Efficiency of benzoyl peroxide-erythromycin gel in comparison with metronidazole gel in the treatment of acne rosacea. [2004.08]
Oral wide-spectrum antibiotics are the linchpin of rosacea treatment...
Clinical Trials Related to Erythromycin and Benzoyl Peroxide Gel (Erythromycin / Benzoyl Peroxide Topical)
Methylnaltrexone vs Erythromycin for Facilitating Gastric Emptying Time in Critically Ill Patients [Recruiting]
42 patients admitted in ICU with intolerance to enteral feeding (GRV more than 250 ml) are
recruited. All patients enter a primary acetaminophen absorption test study as baseline.
Serum levels of acetaminophen will be measured by florescence polarization method at
15,30,45,60,90,120,180,240,480 minutes after enteral administration of 975 mg acetaminophen.
Then the patients will be randomized to methylnaltrexone or erythromycin group. Another
acetaminophen absorption test with the same schedule will be done after the last dose of
each drug. The area under the curve for acetaminophen blood level will be used to compare the
effect of two studied drugs on gastric emptying time.
Comparison of Two Macrolides, Azithromycin and Erythromycin, for Symptomatic Treatment of Gastroparesis [Recruiting]
Erythromycin is effectively used in the treatment of Gastroparesis (GP) patients. In
susceptible patients however, it has been associated with sudden cardiac death due to
prolongation of QT intervals and subsequent cardiac risks through its interaction some other
drugs. Azithromycin (AZI) is a macrolide antibiotic but does not have the mentioned druf
interactions , has fewer gastrointestinal side effects, and fewer risks of QT prolongation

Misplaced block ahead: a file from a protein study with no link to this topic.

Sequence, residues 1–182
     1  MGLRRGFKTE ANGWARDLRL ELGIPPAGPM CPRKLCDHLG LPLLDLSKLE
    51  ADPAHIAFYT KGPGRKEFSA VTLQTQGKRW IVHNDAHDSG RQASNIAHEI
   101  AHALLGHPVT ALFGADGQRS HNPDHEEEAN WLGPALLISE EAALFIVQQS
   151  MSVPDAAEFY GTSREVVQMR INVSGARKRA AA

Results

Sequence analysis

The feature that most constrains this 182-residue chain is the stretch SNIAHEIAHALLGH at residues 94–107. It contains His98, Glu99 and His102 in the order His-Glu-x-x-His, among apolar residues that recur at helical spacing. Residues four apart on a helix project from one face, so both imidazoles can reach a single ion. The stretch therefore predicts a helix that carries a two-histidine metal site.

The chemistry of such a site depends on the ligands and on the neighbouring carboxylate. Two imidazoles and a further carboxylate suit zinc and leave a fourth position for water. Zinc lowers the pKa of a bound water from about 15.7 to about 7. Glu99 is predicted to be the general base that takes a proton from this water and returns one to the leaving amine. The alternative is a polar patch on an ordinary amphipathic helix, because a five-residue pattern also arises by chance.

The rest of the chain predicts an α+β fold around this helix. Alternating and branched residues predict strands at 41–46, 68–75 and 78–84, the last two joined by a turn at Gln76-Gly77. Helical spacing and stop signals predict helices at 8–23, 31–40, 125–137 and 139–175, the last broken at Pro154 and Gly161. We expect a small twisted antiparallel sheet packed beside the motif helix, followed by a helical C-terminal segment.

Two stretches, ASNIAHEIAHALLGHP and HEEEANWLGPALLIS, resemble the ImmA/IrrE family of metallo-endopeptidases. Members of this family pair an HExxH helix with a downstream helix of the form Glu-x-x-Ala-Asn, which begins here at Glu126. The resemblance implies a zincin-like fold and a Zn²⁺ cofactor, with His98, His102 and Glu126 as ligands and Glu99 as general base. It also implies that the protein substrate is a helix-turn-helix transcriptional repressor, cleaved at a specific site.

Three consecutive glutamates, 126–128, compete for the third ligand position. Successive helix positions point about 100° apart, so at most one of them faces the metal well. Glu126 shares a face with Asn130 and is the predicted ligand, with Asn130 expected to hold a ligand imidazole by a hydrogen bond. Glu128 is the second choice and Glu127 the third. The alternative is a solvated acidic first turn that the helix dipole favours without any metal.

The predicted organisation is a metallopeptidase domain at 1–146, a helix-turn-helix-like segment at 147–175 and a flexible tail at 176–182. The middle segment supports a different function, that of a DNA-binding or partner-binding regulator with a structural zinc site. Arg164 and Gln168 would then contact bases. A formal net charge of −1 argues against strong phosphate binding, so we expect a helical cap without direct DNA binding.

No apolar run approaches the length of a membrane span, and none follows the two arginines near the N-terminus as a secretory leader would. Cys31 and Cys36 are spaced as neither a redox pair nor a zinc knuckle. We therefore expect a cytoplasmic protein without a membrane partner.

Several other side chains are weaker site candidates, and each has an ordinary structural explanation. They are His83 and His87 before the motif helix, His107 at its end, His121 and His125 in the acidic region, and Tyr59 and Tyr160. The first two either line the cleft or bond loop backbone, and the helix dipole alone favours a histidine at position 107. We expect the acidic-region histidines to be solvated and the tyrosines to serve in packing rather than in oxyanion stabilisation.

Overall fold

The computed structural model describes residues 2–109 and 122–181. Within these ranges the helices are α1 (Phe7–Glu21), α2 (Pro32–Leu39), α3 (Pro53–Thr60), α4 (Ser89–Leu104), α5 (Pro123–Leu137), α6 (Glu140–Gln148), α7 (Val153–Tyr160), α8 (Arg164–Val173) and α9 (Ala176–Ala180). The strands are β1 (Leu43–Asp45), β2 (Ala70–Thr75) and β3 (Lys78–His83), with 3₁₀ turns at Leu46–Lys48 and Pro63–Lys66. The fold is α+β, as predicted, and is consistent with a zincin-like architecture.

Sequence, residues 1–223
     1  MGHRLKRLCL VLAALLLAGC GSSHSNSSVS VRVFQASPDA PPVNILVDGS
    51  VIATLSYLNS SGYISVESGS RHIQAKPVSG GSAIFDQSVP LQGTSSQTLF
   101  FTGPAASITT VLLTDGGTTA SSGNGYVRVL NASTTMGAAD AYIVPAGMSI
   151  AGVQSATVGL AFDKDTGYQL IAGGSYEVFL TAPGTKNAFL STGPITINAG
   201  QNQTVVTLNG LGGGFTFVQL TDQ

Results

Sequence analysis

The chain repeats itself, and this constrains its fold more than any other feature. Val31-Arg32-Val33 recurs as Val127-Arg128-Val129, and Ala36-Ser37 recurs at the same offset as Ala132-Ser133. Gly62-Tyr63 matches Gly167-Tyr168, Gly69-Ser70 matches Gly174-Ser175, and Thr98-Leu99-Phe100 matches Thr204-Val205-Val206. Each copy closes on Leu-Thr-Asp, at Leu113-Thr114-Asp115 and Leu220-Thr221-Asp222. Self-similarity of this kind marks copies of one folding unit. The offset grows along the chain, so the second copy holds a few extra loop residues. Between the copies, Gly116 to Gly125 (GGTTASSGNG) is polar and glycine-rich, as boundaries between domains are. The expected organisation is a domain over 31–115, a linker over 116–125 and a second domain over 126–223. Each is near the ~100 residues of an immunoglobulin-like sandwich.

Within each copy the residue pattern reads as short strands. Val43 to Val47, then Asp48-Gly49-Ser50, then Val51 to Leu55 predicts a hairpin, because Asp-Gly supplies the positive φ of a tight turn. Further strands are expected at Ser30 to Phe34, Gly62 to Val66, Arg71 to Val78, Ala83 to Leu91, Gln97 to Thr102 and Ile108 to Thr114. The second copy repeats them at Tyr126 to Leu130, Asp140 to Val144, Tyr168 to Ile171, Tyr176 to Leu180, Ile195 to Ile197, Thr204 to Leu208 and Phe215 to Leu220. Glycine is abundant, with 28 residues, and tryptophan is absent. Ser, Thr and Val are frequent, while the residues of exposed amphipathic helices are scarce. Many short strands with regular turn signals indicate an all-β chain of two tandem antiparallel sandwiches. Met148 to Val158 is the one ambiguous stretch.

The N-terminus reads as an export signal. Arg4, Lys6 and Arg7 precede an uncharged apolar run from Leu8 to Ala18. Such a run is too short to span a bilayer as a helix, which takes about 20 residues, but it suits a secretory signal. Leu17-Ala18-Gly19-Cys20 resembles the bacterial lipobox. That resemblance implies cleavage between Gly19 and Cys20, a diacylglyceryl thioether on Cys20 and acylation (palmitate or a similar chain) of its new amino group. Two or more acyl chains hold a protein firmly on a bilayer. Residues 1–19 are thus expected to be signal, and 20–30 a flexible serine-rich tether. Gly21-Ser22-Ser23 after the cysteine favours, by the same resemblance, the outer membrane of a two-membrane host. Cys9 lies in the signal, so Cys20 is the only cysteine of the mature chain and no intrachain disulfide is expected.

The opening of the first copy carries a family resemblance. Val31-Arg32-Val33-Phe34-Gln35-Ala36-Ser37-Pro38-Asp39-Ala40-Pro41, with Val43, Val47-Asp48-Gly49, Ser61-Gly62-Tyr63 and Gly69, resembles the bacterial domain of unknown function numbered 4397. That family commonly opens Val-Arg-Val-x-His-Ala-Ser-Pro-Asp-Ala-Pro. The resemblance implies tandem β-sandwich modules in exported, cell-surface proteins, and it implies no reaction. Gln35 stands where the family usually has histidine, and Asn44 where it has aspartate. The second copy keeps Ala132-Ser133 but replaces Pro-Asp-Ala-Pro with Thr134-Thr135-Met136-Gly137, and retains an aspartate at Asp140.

and cardiac arrhythmias. Consequently, AZI avoids drawbacks of dosing with erythromycin and
may be preferred as a prokinetic agent in patients on other concomitant medications.
We hope to demonstrate the effectiveness of Azithromycin (AZI) as compared to Erythromycin
in the treatment of Gastroparesis (GP), and later, form the framework for larger
randomized-controlled parallel studies to investigate use of AZI for treatment of GP.
Our novel hypothesis is to determine whether AZI can be used to treat GP.
Treatment of Dowling Maera Type of Epidermolysis Bullosa Simplex by Oral Erythromycin [Recruiting]
Dowling Meara type of epidermolysis bullosa simplex (EBS-DM) is a rare genodermatosis due to
keratin 5 and 14 mutation, characterized by skin fragility and spontaneous or post traumatic
blisters. Neonatal period and infancy are critical since this autonomic dominant affection
usually improves with age. Cyclins seem to be efficient in some cases of EBS but are
prohibited in children younger than 8 years old. Erythromycin can be a good alternative in
this population due to its antibacterial and anti-inflammatory potential.
The aim of this study is the evaluation of the efficiency of oral erythromycin to decrease
the number of cutaneous blisters in severe EBS-DM patients from 6 months to 8 years old
after 3 months of treatment.
Primary end point is the number of patients with decrease of blisters' number of at least
20% after 3 months of treatment by oral erythromycin.
It is a preliminary study on 8 patients. Treatment is oral erythromycin twice a day during 3
months. Follow up for each patient is 5 months. The duration of the study is 1 year.
A Study of Erythromycin and Rivaroxaban in Study Participants With Normal and Reduced Kidney Function [Recruiting]
The purpose of this study is to evaluate the pharmacokinetics and pharmacodynamics of
rivaroxaban when administered with erythromycin to study participants with mild or moderate
renal impairment compared to the pharmacokinetics and pharmacodynamics of rivaroxaban
administered to study participants with normal renal function.
Erythromycin Versus Gastric Lavage to Improve Quality of Endoscopy in Patients With Upper Gastrointestinal Bleeding [Recruiting]
The researchers will investigate whether erythromycin infusion is better than gastric
lavage prior to emergency endoscopy to improve the quality of examination in patients with
upper gastrointestinal bleeding.